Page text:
Workplace agreements, supplementing collective agreements. 
Incorporated into all collective agreements is a chapter called „Company-related parts of collective agreements” which is defined as an agreement concluded between a particular company and its workers, all of them or a specified group thereof, affiliated to one or more unions, concerning the alignment of a wages and terms agreement to the requirements of the workplace. Union representatives at the workplace act as spokespersons for workers in the course of negotiations with the company. The goal of such agreements is to enhance the cooperation of workers and management at the workplace, with the aim of making adjustments to improve the wage conditions with more productivity. The goal is furthermore to evolve collective agreements so that they benefit both parties. This type of agreement can cover issues such as flexible daytime work, a four-day work week, shift-work, postponement of weekly day off rest so that consecutive days off be taken over a period of 14 days, production related payment system etc. The benefit sought after must be divided between the workers and the employer in accordance with clear pre-conditions. A workplace agreement does not in itself constitute a collective agreement since a trade unions is not a party to it. The unions can nevertheless be called upon to participate as advisors and the agreement must comply on the whole with the applicable collective agreement.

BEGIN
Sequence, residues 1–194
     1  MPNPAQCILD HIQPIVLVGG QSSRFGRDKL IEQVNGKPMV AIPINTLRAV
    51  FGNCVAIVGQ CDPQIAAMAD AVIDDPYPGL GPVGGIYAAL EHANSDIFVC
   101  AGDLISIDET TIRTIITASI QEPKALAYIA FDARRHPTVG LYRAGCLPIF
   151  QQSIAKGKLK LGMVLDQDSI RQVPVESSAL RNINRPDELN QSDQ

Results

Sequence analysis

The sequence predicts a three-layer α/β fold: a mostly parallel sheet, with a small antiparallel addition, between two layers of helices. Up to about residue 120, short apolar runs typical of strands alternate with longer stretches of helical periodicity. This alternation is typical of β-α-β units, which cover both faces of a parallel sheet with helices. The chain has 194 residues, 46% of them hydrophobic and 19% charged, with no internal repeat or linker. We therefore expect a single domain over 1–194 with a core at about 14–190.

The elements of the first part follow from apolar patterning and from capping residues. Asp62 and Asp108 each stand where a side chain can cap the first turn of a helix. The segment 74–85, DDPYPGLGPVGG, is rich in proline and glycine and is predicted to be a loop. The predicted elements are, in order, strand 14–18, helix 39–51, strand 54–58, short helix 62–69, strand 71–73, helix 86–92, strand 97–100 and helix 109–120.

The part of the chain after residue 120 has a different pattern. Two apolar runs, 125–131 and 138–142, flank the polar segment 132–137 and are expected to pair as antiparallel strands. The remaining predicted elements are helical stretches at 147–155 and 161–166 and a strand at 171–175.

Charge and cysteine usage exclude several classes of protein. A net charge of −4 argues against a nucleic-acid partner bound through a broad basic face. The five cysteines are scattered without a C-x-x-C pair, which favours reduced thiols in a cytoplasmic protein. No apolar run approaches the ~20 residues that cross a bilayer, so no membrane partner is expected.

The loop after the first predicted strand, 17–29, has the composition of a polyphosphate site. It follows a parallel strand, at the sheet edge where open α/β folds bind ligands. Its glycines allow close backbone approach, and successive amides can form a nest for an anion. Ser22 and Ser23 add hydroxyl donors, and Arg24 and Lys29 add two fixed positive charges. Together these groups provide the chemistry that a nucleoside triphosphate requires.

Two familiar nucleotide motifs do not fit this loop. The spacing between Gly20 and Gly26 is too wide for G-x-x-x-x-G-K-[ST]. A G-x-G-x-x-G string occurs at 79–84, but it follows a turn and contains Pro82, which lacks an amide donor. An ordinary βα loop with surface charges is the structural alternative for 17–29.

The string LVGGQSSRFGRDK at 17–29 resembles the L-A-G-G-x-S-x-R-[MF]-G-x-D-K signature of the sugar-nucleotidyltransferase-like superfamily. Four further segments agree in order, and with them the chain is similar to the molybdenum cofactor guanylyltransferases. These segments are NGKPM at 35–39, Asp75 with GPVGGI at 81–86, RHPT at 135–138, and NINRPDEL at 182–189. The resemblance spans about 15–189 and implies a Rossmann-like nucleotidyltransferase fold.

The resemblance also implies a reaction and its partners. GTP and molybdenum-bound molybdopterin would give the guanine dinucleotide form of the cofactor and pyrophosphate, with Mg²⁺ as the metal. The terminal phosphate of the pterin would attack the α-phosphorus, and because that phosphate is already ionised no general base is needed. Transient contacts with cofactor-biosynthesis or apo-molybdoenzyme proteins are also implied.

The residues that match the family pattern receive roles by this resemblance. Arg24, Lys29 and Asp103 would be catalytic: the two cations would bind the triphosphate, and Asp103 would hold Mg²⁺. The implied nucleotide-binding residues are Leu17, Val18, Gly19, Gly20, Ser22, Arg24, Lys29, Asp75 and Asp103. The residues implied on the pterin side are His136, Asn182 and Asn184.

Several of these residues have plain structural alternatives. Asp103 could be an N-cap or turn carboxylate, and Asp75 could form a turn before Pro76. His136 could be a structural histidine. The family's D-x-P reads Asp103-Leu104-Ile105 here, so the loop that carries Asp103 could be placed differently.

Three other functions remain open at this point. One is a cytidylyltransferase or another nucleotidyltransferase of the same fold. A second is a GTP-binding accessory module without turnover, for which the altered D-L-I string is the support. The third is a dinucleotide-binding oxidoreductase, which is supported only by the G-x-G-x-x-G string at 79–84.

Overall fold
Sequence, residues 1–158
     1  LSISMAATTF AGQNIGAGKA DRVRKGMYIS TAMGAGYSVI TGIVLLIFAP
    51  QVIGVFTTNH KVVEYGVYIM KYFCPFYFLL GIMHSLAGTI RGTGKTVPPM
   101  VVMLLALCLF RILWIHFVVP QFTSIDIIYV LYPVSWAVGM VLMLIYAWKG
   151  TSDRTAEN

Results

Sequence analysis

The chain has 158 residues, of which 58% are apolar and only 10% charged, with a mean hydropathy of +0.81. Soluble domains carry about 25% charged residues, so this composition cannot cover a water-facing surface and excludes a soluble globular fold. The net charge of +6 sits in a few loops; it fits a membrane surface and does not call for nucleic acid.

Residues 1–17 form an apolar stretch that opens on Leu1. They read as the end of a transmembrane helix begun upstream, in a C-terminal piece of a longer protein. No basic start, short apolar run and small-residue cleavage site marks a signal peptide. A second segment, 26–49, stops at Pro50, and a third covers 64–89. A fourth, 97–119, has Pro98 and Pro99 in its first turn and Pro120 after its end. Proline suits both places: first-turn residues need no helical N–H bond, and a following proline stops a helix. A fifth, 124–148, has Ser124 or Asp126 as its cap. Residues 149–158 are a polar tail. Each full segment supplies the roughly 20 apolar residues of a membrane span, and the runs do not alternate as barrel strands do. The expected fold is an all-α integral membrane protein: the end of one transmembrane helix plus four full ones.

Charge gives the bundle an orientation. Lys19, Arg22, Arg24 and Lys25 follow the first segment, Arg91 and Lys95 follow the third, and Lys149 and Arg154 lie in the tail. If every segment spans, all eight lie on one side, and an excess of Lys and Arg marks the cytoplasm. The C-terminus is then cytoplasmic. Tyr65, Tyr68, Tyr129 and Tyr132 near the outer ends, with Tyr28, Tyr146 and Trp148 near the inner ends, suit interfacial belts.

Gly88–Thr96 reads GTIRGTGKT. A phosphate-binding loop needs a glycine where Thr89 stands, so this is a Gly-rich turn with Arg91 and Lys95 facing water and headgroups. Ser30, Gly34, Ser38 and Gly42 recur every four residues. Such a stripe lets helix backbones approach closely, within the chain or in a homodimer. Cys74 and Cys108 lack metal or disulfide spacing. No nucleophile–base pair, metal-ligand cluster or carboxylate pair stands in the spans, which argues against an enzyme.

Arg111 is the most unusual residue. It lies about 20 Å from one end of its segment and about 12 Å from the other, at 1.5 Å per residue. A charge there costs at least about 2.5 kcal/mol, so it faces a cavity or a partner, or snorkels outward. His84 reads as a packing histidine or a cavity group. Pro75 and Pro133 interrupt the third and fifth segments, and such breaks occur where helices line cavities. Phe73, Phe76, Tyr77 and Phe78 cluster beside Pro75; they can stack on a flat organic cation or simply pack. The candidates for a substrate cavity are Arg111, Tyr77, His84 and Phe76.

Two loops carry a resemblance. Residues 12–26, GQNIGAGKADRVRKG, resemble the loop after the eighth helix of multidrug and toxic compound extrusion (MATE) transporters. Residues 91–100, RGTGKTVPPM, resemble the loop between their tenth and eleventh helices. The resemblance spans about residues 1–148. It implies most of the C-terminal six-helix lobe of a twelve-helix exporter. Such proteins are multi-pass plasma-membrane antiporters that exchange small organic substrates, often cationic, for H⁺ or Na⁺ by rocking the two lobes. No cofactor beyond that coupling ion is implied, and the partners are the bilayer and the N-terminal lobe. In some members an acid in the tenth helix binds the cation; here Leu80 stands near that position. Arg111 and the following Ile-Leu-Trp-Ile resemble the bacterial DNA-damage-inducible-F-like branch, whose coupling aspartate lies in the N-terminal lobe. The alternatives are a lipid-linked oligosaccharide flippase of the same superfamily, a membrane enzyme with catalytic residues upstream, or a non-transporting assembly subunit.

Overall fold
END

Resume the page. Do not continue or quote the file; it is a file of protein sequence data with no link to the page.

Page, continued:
Period of validity

Collective agreements are concluded for a specific period of time. If the parties have not concluded a new agreement before the old one expires, the terms of the old agreement will apply until a new agreement has been signed.

Confidential ballots

A collective agreement is valid from the day it is signed unless otherwise agreed by the parties, unless it is rejected by a majority vote in a confidential ballot held within four weeks of the date of signature. For a valid vote, at least one fifth of those on the voting roll or membership register, working under the agreement must participate. 

Trade unions belonging to the same national federation, which has signed on their behalf a general collective agreement, can decide to put that agreement under a joint ballot for members of all the participating trade unions. If a general confidential postal ballot is held, its result is valid irrespective of participation rate. If two or more trade unions are involved in a collective agreement for members at the same place of work (enterprise agreement), it must be put jointly to a ballot involving all the members to whom it applies.

Industrial peace

When a collective agreement has been signed the negotiating parties waive their right to take collective action inasmuch as the conditions established in the collective agreement are fully respected. Thus, a period of industrial peace is in principle to prevail for the validity of each collective agreement. Disputes regarding interpretation of collective agreements are to be referred to the Labour Court which is located in Reykjavik.